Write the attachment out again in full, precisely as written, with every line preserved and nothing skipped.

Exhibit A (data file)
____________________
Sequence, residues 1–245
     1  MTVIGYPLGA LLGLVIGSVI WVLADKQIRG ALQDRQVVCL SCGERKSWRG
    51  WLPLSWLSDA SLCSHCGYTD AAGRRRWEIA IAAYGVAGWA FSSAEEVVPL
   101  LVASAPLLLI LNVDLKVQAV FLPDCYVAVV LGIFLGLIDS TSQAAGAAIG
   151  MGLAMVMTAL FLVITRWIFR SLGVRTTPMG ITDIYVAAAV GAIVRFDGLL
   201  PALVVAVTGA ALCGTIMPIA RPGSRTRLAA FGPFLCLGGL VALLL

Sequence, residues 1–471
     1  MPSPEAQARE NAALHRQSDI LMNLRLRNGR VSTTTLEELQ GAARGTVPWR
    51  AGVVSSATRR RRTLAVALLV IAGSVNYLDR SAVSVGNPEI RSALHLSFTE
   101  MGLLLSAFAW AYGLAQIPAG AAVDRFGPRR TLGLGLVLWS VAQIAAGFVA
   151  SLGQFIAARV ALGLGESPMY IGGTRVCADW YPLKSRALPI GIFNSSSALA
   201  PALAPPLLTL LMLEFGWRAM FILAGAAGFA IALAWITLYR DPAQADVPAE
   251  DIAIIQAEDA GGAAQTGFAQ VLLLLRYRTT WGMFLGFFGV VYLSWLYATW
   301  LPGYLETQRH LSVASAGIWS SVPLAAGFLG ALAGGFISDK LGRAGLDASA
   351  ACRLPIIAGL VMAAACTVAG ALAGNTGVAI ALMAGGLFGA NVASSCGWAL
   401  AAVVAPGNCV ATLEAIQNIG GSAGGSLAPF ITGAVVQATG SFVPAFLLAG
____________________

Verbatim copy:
Sequence, residues 1–245
     1  MTVIGYPLGA LLGLVIGSVI WVLADKQIRG ALQDRQVVCL SCGERKSWRG
    51  WLPLSWLSDA SLCSHCGYTD AAGRRRWEIA IAAYGVAGWA FSSAEEVVPL
   101  LVASAPLLLI LNVDLKVQAV FLPDCYVAVV LGIFLGLIDS TSQAAGAAIG
   151  MGLAMVMTAL FLVITRWIFR SLGVRTTPMG ITDIYVAAAV GAIVRFDGLL
   201  PALVVAVTGA ALCGTIMPIA RPGSRTRLAA FGPFLCLGGL VALLL

Sequence, residues 1–471
     1  MPSPEAQARE NAALHRQSDI LMNLRLRNGR VSTTTLEELQ GAARGTVPWR
    51  AGVVSSATRR RRTLAVALLV IAGSVNYLDR SAVSVGNPEI RSALHLSFTE
   101  MGLLLSAFAW AYGLAQIPAG AAVDRFGPRR TLGLGLVLWS VAQIAAGFVA
   151  SLGQFIAARV ALGLGESPMY IGGTRVCADW YPLKSRALPI GIFNSSSALA
   201  PALAPPLLTL LMLEFGWRAM FILAGAAGFA IALAWITLYR DPAQADVPAE
   251  DIAIIQAEDA GGAAQTGFAQ VLLLLRYRTT WGMFLGFFGV VYLSWLYATW
   301  LPGYLETQRH LSVASAGIWS SVPLAAGFLG ALAGGFISDK LGRAGLDASA
   351  ACRLPIIAGL VMAAACTVAG ALAGNTGVAI ALMAGGLFGA NVASSCGWAL
   401  AAVVAPGNCV ATLEAIQNIG GSAGGSLAPF ITGAVVQATG SFVPAFLLAG